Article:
News and blogs
Stockholm Resilience Centre speaks to Pernilla Malmer about a "walking workshop" of the International Network of Mountain Indigenous Peoples (INMIP) in Tajikistan, September 2015, and the importance of knowledge exchange for revitalising communities' biocultural heritage and developing tools for sustainable development in the face of climate change.
TWN Info Service on Intellectual Property and Agriculture
4 March 2016
Zhu Zhenyan (Third World Network) describes important aspects of the final revision.
This 30 minute film, produced by indigenous filmmakers in Taiwan, documents the emergence of a new global indigenous network - the International Network of Mountain Indigenous Peoples (INMIP) - at a ‘walking workshop’ in Bhutan in May-June 2014. The network aims to strengthen the capacity of indigenous mountain communities to confront climate change through exchange of indigenous knowledge and seeds, and strengthening biocultural heritage and indigenous farming systems.
The Paris Agreement commits governments to climate action. To deliver this agenda successfully, they must engage with all sectors of society, including indigenous peoples, and recognise traditional knowledge.
Respect for the spiritual values and traditional knowledge of indigenous peoples is a key component in the response to climate change, as was today asserted by an agreement between the Center for Earth Ethics (CEE) of Union Theological Seminary, the Center for Research on Environmental Decisions (CRED) at Columbia University, and the Indigenous Peoples Biocultural Assessments Initiative (IPBCCA) of Asociacion ANDES.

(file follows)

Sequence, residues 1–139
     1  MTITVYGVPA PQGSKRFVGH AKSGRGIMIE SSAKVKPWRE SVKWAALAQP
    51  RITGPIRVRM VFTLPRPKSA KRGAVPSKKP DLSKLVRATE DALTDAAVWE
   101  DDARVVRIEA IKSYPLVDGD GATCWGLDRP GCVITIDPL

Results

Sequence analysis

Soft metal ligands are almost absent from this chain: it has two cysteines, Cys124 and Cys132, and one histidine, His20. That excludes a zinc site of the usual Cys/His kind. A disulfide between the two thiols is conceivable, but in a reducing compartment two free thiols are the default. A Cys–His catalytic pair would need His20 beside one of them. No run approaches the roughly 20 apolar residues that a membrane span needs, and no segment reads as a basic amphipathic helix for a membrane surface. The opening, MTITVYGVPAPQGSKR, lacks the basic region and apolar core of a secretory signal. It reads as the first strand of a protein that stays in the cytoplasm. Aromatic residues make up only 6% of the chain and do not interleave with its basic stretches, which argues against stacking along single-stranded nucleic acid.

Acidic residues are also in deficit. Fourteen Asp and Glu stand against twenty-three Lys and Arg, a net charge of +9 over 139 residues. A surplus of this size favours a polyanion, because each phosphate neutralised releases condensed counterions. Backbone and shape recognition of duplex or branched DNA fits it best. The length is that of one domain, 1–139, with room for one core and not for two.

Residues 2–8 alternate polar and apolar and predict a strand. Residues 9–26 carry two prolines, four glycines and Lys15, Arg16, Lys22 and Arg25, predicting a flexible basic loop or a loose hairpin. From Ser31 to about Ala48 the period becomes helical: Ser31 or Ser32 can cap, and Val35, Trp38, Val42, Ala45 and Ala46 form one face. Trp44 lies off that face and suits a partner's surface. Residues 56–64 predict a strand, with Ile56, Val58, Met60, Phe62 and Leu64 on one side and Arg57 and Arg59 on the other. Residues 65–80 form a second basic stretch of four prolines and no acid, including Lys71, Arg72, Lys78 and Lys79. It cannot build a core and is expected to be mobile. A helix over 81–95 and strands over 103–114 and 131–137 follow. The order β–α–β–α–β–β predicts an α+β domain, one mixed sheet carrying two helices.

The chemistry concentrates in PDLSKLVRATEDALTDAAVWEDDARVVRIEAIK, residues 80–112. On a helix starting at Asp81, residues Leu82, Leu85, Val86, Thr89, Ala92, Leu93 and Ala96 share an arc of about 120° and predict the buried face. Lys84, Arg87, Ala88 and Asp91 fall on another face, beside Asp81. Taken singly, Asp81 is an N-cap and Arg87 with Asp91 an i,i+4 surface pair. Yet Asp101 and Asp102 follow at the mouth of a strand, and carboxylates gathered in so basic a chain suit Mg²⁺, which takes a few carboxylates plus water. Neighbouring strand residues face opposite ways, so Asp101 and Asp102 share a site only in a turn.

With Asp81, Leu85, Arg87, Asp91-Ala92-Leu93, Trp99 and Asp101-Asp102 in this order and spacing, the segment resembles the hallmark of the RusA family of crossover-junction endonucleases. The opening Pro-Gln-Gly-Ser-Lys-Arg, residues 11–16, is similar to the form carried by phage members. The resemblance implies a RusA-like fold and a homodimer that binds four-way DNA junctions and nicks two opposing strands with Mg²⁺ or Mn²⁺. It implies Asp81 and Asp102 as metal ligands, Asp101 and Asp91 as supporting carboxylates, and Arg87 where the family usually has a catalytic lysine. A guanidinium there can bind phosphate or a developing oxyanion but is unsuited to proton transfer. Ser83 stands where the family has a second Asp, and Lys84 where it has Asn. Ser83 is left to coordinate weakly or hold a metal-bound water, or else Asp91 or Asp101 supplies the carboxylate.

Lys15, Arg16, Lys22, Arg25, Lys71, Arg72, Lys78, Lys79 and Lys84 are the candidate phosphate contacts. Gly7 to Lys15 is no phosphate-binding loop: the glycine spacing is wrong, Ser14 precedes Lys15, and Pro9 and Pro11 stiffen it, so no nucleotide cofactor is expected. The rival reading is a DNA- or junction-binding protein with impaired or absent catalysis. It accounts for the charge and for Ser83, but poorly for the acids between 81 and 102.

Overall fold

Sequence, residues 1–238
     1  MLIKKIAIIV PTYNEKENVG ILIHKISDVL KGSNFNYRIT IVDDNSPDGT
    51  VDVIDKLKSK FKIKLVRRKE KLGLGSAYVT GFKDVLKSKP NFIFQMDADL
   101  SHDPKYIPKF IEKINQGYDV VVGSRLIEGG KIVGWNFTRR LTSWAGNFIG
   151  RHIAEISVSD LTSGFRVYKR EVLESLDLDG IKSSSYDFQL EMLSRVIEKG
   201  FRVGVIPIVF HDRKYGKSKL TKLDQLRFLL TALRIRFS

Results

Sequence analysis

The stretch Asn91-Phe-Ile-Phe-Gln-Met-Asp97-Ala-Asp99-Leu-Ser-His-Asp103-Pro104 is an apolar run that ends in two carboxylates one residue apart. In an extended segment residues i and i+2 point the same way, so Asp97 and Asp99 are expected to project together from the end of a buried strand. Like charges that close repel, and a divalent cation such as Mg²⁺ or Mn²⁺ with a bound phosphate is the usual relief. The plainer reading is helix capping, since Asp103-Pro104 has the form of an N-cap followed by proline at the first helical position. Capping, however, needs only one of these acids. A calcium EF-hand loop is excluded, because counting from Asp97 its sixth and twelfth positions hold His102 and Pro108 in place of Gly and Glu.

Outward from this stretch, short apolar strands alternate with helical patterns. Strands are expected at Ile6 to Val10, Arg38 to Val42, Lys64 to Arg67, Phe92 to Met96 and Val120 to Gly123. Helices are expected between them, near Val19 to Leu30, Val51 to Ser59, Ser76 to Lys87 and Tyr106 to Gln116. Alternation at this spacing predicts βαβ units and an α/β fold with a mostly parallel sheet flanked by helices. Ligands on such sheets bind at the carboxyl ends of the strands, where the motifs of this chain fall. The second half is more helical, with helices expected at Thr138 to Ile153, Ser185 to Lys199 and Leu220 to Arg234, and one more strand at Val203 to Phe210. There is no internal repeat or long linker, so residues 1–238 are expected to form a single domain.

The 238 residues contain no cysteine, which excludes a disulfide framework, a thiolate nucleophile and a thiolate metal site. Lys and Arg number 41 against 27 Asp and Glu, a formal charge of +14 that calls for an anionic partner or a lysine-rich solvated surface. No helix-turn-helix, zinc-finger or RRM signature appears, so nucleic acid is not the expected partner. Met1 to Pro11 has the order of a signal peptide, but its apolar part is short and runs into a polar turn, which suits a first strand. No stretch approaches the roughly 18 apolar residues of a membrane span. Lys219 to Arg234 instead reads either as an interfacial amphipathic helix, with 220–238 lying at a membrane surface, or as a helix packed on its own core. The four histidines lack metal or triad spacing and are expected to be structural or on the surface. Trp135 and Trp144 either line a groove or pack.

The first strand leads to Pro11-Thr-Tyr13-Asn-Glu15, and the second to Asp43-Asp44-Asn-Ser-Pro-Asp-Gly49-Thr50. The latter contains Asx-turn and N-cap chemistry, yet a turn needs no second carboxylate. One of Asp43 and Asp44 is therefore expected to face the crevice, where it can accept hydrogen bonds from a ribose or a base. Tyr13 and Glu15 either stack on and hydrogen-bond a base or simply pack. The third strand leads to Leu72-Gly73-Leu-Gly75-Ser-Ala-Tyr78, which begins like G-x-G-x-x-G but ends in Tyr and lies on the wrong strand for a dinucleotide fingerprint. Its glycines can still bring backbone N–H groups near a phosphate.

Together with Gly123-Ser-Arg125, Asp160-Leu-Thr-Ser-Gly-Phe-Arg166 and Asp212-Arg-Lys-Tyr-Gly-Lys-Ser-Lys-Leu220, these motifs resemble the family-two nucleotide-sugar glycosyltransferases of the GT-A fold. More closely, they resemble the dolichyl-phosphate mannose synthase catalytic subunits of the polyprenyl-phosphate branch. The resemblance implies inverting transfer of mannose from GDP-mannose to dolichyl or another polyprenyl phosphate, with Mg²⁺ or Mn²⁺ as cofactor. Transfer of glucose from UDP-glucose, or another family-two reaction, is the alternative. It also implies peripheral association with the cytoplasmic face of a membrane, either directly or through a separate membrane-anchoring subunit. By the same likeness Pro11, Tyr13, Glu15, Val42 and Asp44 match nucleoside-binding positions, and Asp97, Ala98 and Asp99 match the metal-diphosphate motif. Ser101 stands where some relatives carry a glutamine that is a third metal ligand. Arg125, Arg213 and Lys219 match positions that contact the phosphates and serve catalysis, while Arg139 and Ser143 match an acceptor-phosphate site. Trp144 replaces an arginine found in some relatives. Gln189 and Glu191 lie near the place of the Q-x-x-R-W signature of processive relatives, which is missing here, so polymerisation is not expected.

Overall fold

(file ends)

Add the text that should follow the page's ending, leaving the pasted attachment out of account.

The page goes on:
This week, from 11-18th September, indigenous mountain farmers from 20 communities in 10 countries are meeting in Tajikistan to assess the impacts of climate change and identify responses needed.
A remote community in the Amazon has agreed Brazil's first community protocol, giving them an equal voice in future discussions about natural resource use.
How can indigenous people benefit more from their biocultural heritage? A new project wants to hear your feedback on how a labelling scheme for biocultural heritage-based products could work.
Article by Claudia Múnera, originally published by The Daly News | March 17th 2014
Research in Nicaragua suggests that recognising the value of biocultural heritage is key to protecting forests from economic pressures.
IIED has released a film showcasing an event where mountain communities discussed the impacts of climate change and how to respond using their biocultural heritage
The second annual meeting of China’s “National Farmers’ In-Site Breeding and Seed-Sharing Network” was held on January 11-13 2015, in Guangxi. It brought together farmers from several provinces, leading crop scientists, policy makers and China’s Soybean Industry Association.
A film documenting an international meeting of indigenous farmers in Peru's Potato Park to discuss adaptation to climate change is now available in Spanish and Chinese.
In December 2014, a learning exchange was held in the Potato Park for SIFOR farmers from Kenya and India.
In this short film, smallholder farmers from India, Kenya and Peru explain the challenges they face due to climate change, and how they are responding.
The International Institute for Environment and Development (IIED) has released a new photofilm profiling indigenous biocultural heritage territories and the role they play in development, conservation and adaptation.
A new 15 minute film documents a gathering of indigenous farmers from mountain communities around the world to exchange knowledge and ideas about protecting biodiversity and culture as the basis for adapting to climate change.